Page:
Caprese, as in Caprese Michelangelo (the name of my village) means ‘of the goats’. The village coat of arms contains a goat, and indeed legend has it that after his birth here in the castle, Michelangelo was left by his father, to be raised by the wife of a goat herd, before taking him off to Florence.
In cooking terms, for most people caprese is a salad. Nothing to do with goats there—the mozzarella cheese used to make it comes from buffalo milk—since the name derives from the island of Capri down in the bay of Naples. This tartlet, which I’ve named for the village, has a distinctly goaty flavour, as it uses Tuscan goat’s cheese.
I was introduced to goat’s cheese in a big way by my friend Brent Zimmerman, who used to run a goat farm a few miles away at Valle di Mezzo. Unfortunately, he returned to the USA a couple of years ago where he is making cheese at Lime Kiln Farm in New York’s Hudson Valley. If any of you are in the area, I’d recommend you check him out. Tuscan goat’s cheese is hard like a pecorino as opposed to the soft French chèvre. If you can’t get any hard goat’s cheese, I’d recommend that you make these with pecorino or even cheddar.
I ate mine hot with a salad, but these make the perfect picnic food. Anyway, here’s how. Buon appetito!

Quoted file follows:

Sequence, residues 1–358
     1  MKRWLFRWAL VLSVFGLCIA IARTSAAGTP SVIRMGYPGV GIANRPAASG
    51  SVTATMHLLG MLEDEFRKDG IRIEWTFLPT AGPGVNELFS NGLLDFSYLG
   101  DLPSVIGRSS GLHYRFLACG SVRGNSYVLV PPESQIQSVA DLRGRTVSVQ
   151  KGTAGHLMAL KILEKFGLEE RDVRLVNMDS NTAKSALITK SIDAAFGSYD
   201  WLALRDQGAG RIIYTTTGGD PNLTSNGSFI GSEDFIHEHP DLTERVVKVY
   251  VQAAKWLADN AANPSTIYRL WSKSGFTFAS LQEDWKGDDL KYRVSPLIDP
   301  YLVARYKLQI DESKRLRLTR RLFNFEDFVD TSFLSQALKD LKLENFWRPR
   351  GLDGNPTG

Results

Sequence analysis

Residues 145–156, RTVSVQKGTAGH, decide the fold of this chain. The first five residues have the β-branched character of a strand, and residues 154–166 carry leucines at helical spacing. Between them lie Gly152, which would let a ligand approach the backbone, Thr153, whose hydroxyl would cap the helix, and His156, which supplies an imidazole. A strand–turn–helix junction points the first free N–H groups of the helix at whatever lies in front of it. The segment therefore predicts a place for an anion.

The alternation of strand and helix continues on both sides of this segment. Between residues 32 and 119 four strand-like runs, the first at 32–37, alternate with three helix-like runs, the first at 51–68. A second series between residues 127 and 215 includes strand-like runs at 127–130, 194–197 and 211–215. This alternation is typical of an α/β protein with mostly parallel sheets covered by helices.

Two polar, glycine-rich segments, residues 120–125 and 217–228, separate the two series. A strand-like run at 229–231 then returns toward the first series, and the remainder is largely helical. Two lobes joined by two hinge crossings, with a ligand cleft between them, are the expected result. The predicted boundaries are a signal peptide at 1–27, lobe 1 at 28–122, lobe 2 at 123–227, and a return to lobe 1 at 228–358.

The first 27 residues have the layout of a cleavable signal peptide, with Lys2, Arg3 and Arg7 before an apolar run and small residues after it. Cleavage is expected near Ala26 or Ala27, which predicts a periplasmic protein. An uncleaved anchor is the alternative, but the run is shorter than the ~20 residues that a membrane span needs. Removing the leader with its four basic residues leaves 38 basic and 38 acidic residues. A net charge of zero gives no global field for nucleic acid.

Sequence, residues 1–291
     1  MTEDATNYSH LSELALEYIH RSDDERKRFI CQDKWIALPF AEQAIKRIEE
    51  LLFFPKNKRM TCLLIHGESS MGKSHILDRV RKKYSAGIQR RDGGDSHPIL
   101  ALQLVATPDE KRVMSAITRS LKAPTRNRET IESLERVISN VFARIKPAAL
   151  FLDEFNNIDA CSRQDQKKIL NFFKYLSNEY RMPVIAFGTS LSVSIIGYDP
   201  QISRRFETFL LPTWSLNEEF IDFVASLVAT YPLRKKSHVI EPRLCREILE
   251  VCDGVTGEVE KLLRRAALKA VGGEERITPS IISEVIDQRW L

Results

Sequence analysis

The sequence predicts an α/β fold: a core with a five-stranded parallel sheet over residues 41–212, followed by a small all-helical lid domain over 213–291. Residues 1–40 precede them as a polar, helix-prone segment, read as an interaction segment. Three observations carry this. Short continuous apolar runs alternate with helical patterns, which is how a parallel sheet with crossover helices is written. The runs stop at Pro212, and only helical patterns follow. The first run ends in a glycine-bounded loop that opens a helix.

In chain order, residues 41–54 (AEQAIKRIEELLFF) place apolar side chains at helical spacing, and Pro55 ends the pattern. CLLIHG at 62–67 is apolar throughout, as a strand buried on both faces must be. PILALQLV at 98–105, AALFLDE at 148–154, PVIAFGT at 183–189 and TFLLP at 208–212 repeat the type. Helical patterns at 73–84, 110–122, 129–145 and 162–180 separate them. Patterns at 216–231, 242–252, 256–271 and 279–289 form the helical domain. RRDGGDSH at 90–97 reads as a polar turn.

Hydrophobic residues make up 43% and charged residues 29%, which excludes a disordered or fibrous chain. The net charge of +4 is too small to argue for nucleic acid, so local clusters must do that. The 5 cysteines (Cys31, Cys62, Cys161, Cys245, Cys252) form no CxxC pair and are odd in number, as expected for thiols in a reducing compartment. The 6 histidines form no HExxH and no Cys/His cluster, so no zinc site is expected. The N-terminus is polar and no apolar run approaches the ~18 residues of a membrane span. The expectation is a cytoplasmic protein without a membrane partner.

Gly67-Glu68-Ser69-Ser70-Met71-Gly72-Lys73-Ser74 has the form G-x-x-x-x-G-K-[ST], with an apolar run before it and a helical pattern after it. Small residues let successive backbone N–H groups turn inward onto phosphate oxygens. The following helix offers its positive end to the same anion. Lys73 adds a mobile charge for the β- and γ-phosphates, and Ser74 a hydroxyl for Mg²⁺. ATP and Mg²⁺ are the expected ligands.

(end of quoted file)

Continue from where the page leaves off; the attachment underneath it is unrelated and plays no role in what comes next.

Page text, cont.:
Preparation time: 45 mins
Cooking / waiting time: 1 hr 45 mins
Total time: 3 hrs
For the pastry cases
125g (8 tablespoons) unsalted butter
250g (2 cups) plain flour
1 pinch salt
100ml (3 ½ fluid oz) water
For the filling
125g (1/2 cup) ricotta cheese
1 egg plant
4 tablespoons tomato purée
4 sundried tomatoes
200g (2 ½ cups) grated goat’s cheese
Make the pastry cases
- Rub the butter into the flour and salt using your fingertips until it has the consistency of breadcrumbs.
- Add the eggs and mix with your fingers until it has been absorbed.
- Add the water little by little using your fingers to bring the dough together. Stop adding water as soon as the dough is of the correct consistency and try not to work it very much.
- Flatten to form a disk about 3cm thick, wrap in cling film and chill for at least one hour.
- Remove from the fridge and cut into four equal pieces. Roll them out and use them to line four buttered 10-cm patisserie rings or tart tins. Chill for at least one hour.
- Fill each pastry case with greaseproof paper and baking beans. Bake at 180° C (355° F) for twenty minutes. Remove the beans and cook bake for another five minutes. Leave to cool completely and then remove the rings.
Make the filling
- Mix the ricotta cheese together with the egg.
- Cut the egg plant into slices about 1cm (1/2 inch) thick. Using a pastry cutter, cut them into 6cm disks. Paint each side with olive oil and then fry on a hot griddle for about 5 minutes each side. Allow to cool.
- Spread the tomato purée on the bottom of the pastry cases.
- Divide the ricotta cheese and egg mixture evenly between the pastry cases.
- Insert a disc of egg plant in each case.
- Place a sundried tomato on the top of each piece of egg plant.
- Cover with the grated cheese.
- Bake at 180° C (355° F) for about 30 minutes, or until the cheese has browned.